By Ed Stoddard
JOHANNESBURG (Reuters) - President Jacob Zuma's pledge to expropriate South African land is unlikely to lead to violent seizures of farms like those that impoverished neighboring Zimbabwe, but could still hurt the economy by scaring off investors worried about property rights.
Zuma is fighting to retain control of South Africa against opponents within the ruling African National Congress who want him to resign the party leadership.
The confrontation came to a head last week when Zuma sacked Finance Minister Pravin Gordhan, who was often at odds with the president but widely respected by financial markets and whose dismissal triggered a credit downgrade.
Faced with opposition mainly from urban constituencies within the ANC, the president has doubled down on appeals to the rural poor, renewing promises to change the constitution to expropriate land without compensation and redistribute it.
"You can’t have a constitution that keeps people in poverty," he told traditional leaders last week.
Zuma has reminded the party that "expropriation without compensation" was adopted as official policy at the ANC's 2012 conference.
More than two decades after the end of apartheid rule, most of South Africa's land is still in the hands of minority whites. Zuma's ruling ANC has long been committed to the principle of redistributing it.
But the pace has been slow, relying mostly on a "willing buyer, willing seller" policy intended to respect property rights seen as vital to sustaining Africa's most industrialized economy.
South Africa has many safeguards that should prevent the sort of lawlessness and violence that took place when followers of Zimbabwean President Robert Mugabe stormed onto white-owned farms in the early 2000s.
Zuma himself has said South Africa will not embark on the kind of lawless land grabs that saw Zimbabwe slide from breadbasket to basket case. Unlike Zimbabwe, South Africa has a robust, independent judiciary to keep the government in line.
Nor is South Africa as dependent on farming for its income as its northern neighbor: agriculture accounts only for about two percent of gross domestic product.
But the threat to redistribute land could still harm a sector which is a major employer and feeds a drought-prone nation, and any move to curb property rights could have wider economic repercussions by alarming investors in other sectors.
RHETORIC TO REALITY?
Changing the constitution as Zuma says he intends would not be easy, with the ANC so sharply divided over his leadership.
"The checks and balances in South Africa and the waning political support for the ANC itself make it difficult to disregard or change the constitution," said Daniel Silke, the director of Political Futures Consultancy. "We are in a very different space to what was a very autocratic Zimbabwe."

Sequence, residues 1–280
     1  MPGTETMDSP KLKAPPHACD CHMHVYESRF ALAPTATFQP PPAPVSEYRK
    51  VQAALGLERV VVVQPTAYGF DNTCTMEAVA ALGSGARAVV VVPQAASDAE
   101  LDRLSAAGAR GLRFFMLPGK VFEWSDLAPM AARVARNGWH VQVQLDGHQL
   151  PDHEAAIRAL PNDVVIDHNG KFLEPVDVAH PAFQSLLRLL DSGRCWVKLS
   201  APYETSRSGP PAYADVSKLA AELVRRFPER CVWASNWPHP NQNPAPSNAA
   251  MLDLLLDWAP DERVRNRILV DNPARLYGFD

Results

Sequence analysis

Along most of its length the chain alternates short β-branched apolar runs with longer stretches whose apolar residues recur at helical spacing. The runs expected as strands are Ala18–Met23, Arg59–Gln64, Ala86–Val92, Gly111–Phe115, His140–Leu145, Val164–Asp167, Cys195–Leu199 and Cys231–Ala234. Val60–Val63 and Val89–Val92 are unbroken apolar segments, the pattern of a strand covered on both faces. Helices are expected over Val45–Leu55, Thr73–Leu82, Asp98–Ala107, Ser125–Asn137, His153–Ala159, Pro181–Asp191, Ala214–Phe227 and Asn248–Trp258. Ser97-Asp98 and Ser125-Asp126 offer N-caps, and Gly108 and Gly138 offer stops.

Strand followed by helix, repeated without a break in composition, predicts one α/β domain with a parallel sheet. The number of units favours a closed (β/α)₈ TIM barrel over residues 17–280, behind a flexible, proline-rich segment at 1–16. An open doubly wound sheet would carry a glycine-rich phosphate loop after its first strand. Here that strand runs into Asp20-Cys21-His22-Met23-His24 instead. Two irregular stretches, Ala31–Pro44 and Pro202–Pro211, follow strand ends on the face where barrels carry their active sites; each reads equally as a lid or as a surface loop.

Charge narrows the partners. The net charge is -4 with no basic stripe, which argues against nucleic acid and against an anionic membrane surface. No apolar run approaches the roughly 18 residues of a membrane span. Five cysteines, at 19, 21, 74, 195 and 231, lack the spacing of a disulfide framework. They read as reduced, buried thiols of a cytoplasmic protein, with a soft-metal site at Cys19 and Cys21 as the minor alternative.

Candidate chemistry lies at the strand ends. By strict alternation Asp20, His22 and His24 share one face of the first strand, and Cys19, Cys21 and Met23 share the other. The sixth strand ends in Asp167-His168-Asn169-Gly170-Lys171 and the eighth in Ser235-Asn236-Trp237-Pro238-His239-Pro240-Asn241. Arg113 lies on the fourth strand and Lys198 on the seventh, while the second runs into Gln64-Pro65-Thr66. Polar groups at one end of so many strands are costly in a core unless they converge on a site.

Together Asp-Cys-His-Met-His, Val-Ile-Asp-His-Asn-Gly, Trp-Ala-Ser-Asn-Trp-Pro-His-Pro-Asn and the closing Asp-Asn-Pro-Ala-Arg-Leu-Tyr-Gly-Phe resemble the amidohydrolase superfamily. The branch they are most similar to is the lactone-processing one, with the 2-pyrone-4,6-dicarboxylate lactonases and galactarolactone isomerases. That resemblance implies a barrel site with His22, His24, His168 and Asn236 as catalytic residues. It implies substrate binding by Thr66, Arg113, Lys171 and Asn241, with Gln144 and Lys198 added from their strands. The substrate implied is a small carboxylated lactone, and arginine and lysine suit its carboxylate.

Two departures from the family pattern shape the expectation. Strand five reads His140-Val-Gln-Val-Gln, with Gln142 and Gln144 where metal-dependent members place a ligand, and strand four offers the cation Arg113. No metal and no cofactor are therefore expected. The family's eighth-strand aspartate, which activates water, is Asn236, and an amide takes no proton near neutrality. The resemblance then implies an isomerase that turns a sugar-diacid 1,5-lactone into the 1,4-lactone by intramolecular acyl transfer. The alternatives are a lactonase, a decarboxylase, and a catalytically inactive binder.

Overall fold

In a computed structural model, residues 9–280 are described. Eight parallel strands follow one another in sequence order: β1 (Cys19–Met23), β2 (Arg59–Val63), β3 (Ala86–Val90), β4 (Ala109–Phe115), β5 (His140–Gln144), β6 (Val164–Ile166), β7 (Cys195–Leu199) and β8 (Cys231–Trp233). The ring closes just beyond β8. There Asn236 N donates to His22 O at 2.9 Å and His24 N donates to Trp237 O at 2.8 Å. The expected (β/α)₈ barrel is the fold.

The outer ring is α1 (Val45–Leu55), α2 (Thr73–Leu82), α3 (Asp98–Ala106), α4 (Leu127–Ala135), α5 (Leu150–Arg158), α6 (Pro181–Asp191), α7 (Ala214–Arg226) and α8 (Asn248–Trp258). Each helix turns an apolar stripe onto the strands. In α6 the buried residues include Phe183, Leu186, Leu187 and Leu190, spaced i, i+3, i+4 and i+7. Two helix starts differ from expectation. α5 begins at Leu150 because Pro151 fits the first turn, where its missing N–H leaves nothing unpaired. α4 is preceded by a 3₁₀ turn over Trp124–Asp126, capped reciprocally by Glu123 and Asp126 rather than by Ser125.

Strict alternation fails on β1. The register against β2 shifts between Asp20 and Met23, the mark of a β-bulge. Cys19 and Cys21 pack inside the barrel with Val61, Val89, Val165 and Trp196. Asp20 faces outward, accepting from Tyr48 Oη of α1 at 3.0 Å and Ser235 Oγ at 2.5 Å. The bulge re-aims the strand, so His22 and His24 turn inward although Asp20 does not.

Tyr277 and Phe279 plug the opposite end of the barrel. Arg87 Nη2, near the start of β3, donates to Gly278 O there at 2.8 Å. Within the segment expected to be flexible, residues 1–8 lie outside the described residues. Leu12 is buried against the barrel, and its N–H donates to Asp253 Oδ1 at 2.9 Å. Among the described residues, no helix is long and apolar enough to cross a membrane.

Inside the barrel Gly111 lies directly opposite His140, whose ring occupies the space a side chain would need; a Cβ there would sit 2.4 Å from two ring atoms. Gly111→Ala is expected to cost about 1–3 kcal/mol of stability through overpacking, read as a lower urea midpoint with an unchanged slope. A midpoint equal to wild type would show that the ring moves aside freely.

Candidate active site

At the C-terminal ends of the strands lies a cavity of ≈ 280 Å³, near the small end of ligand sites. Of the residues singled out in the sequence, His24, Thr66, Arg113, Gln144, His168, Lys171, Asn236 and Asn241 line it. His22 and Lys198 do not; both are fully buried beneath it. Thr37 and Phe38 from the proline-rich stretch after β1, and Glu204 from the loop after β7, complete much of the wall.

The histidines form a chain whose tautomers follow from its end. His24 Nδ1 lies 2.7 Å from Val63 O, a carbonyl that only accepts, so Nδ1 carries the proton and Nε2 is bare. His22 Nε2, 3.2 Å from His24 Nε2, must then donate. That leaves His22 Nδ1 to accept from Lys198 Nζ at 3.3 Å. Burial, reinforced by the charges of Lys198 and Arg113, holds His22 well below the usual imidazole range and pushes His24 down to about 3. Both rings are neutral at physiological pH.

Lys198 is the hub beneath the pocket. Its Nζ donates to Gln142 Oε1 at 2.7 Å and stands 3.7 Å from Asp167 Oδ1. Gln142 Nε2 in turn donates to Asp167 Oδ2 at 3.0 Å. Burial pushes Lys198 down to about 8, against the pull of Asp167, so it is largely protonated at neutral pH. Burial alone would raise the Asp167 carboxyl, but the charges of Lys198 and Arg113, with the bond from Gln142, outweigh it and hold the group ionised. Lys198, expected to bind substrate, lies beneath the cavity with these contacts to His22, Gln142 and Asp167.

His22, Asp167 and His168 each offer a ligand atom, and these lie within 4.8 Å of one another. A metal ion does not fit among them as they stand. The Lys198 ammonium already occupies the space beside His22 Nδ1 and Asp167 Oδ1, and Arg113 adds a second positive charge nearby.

Zuma's political woes, including electoral setbacks in major urban centers in local elections last year, explain his populist approach to the land issue.
It is part of a "radical economic transformation" drive aimed at the ANC's increasingly rural support base. His plans will be high on the agenda of a major party policy conference in June-July, and another in December when Zuma's successor as ANC leader is to be picked ahead of a general election in 2019.
"Deploying populist rhetoric is a powerful campaign strategy that has worked for Zuma before," said Ruth Bookbinder, Africa Analyst at risk consultancy Verisk Maplecroft.
The Department of Rural Development and Land Reform says only 8 million hectares of arable land has been transferred to black people since 1994, less than 10 percent of the 82 million hectares available and a third of the ANC's 30 percent target.
Yet the ANC has not yet fallen into line behind Zuma's call for constitutional change. In February, ANC MPs voted down a motion by the ultra-left Economic Freedom Fighters (EFF) party to amend the constitution to take land without compensation.
Zuma's bid for rural support has parallels with Zimbabwe in 2000, when Mugabe, then in power for two decades, faced a challenge from an opposition rooted in the urban trade union movement.
Mugabe responded by unleashing violent invasions of white-owned farms that proved devastating to an economy already in meltdown, with acute balance of payments pressures, raging inflation, slowing growth, a depreciating currency and a dependency for funding on the International Monetary Fund.
Zuma too faces challenges from urban quarters, including calls for him to resign from the South African Communist Party and labor federation Cosatu, both allies of the ANC.
The economy is barely growing, the rand currency is vulnerable, inflation could reignite, and further ratings downgrades could push South Africa into the IMF's embrace, which would see it forced to adopt austerity measures that ANC populists would baulk at.
Damaging South Africa's high-tech agriculture sector through land seizures could have far-reaching consequences. Wandile Sihlobo, an economist at the agricultural business chamber, told Reuters he reckons the debt book for commercial agriculture is around 160 billion rand ($11.6 billion).
Food security is a concern as South Africa recovers from a drought, with forecasts showing another potentially looming.
Some analysts say such consequences will not dissuade Zuma.
"Zuma has shown he can be absolutely reckless in pursuit of his political agenda," said NKC African Economics political analyst Gary van Staden.
(Editing by James Macharia and Peter Graff)